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Zooming In on Life : THE FLIGHT OF ANDY BURNS, By Alice Mattison (William Morrow: $18; 256 pp.)

August 29, 1993|Lynne Sharon Schwartz | Lynne Sharon Schwartz's most recent book is a collection of essays, stories and poems , "A Lynne Sharon Schwartz Reader."

A teen-aged boy in "Go, Mercy," one quietly ominous story in this outstanding array, is intrigued by a problem posed in his high school's Family Life Unit. "If you have two people," he tells his parents, "there are three possible groupings. . . . One person alone, the other person alone or the two of them together. . . . Now with three people, there are seven possible combinations. . . ." And so on.

"So what?" asks his taciturn, depressed father.

"It's why family life is complicated," the eager boy explains. "But what I want to know is. . . . What's the formula?"

It's a good emblem for Alice Mattison's turn of mind. Her subject is the subtle transactions and reactions among family members, friends, lovers, would-be and ex-lovers, which she experiments with like a chemist keenly tracking a crucial discovery. Happily, there is no formula in her fictional world of middle-class, young and not-so-young people, many of them living in or near the author's home territory of New Haven, Conn.

In every sense, Mattison's stories stay close to home. They're sharply focused on the momentous, if hushed, dramas of private life in minutely detailed domestic scenes, where each gesture or tossed-off remark is magnified and laden with consequence, producing an immense ripple effect.

Mattison (author of an earlier collection, "Great Wits," and a novel, "Field of Stars") is really more alchemist than chemist; much of the time, she manages to convert everyday dross into pure gold on the page. Rarely has so much been made of so little: A mother's anxiety over her 5-year-old's first library card reveals a barely invisible but deep chasm in her marriage. In his fumbling eagerness to comfort his cousin over the loss of a child, a man spills hot coffee in her lap, a sign of his powerlessness and her vulnerability to small as well as great misfortune. And a lonely nurse, who finds her lover "alarmingly . . . powerful and majestic," is stirred with joyous confidence when he changes a fuse in the basement, announcing, "Let there be light!"

The book's title comes from an offhand anecdote. Years ago, one character recalls, a schoolmate claimed that on a wet, blustery day, a gust of wind raised him up to carry him through the air, setting him down "right on his route." Mattison's characters are all going through a patch of turbulent weather and could use a lift. Mostly women, and often entangled with unworthy or unsuitable men, they're not in deep trouble, but the commonplace kind that blows through every life: grief in love, vague discontent in marriage, a sense of aimlessness, helplessness in the face of others' suffering.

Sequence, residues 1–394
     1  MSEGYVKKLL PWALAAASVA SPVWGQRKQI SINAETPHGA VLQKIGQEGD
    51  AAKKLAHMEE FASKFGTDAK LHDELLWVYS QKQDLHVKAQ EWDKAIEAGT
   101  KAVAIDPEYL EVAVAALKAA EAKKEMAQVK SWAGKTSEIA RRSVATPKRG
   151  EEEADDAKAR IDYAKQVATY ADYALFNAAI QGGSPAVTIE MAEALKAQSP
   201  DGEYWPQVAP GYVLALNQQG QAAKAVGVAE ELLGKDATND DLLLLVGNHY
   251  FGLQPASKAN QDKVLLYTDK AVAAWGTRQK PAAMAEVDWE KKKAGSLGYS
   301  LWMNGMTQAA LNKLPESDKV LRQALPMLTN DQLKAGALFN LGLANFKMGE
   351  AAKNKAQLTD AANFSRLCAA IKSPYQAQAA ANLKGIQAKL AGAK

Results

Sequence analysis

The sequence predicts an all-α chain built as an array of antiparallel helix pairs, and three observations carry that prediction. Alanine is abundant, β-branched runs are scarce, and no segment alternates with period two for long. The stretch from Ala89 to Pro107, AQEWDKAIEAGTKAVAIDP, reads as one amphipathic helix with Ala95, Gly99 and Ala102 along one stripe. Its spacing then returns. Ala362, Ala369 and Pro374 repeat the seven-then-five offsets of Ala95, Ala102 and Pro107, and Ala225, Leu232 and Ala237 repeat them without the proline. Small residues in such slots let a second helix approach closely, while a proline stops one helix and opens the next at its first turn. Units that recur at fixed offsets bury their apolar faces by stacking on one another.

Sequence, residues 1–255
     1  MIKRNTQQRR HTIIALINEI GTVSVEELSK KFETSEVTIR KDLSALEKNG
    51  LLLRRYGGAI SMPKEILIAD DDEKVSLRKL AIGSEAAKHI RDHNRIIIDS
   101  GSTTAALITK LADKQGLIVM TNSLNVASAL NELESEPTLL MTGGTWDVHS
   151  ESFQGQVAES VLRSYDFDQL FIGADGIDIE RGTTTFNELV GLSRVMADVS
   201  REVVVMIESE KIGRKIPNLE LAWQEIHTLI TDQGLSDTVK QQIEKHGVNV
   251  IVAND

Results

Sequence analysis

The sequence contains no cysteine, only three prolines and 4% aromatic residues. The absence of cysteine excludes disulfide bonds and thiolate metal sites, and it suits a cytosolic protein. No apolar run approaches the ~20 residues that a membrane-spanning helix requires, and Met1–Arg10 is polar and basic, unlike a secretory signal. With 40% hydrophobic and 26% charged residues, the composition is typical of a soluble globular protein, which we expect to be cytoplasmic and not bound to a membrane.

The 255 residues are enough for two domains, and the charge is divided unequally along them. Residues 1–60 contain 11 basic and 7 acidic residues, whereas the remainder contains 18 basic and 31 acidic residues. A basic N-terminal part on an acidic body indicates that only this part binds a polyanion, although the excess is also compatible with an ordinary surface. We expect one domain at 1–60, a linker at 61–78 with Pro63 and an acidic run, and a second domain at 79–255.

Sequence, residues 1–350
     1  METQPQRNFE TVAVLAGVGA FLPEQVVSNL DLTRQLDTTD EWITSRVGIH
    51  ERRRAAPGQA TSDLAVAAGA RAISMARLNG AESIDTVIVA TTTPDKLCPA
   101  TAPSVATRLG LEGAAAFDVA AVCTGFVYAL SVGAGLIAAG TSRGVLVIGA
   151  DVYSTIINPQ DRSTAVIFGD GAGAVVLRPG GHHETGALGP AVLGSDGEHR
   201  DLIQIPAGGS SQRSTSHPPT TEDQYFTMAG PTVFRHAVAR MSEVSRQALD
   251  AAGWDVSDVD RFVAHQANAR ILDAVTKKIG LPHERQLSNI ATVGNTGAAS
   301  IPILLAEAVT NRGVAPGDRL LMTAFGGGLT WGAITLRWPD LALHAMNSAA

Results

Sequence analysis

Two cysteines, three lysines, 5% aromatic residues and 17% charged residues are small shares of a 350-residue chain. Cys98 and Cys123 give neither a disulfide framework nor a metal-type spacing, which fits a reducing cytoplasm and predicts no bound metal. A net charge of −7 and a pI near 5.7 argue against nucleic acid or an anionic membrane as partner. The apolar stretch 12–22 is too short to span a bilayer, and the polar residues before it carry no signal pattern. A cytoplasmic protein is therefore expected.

Now and then a character in these unnervingly life-like stories is indeed borne aloft by a lucky shift in inner weather and set on the right route. But usually they just grow a trifle wiser. In "The Giraffes," a book illustrator, badly used by one of the casually malevolent men who recur throughout the book under various names, finds a wry, difficult model of acceptance in the sight of a giraffe at the zoo: "It seemed to me that he thought about everything, everything that was or could be, but did not wish for it."

Several stories are set in a prison where the visiting heroine runs a poetry workshop. While she attempts ordinary friendliness, she's invariably left feeling awkward and impotent, worlds apart. The prison pieces are marred by being as inconclusive as life itself--a dubious tactic for fiction. Still, the feel of prison life is pointedly rendered, and the closing lines of "Whom Did You Kill?" embody the distance between inside and out: "Then the outer electronic door slides open, and the three of them step into the waiting room and outside, where they suddenly remember what season it is--spring--and what kind of weather they are having."

The consciousness propelling "The Flight of Andy Burns" is subdued, watchful, tolerant and sly, sneaking up to deliver lightning bolts of jarring insight. While rowing on a sunny lake, a divorced mother learns of her ex-husband's plans to remarry. "For a moment, I felt as if I were going to be cold for the rest of my life." A young married woman describes her feeling for a lawyer in her office: "It wasn't sexual. . . . I'm not looking for someone. But there's that good middle category: men you don't stay up nights thinking about but who seem more definitely placed before your eyes than most men, as if they're in bold type."

The quiet tone is deceptive. Mattison is risking drabness for the sake of the sudden bold strokes that illuminate hidden dynamics. Through an evening of nonchalant chatter, the family in "Go, Mercy" is shown to be on the brink of disaster, though only one of the three children knows it yet.

"Raymond and Leona," the gem of the collection, coolly sketches a footloose, detached generation. Three old college friends are reunited when one of them gets married. Sneaking off like the scornful adolescents they once were, they peer at the festivities through curtains, the bride herself an ironic outsider. "It's a nice wedding," one of her friends remarks. "All these relatives--it's like you called up central casting and said, 'Send me a wedding.' "

Mattison is at her best in the longer, more elaborate pieces, where she gives history and heft to floundering spirits hunting up arbitrary lives. The danger of her method, in too short a space, is a sense of attenuation. What is never attenuated is the author's painfully precise intelligence. Tolerantly, with mercy, she records what season we are living through, and what the weather is like.

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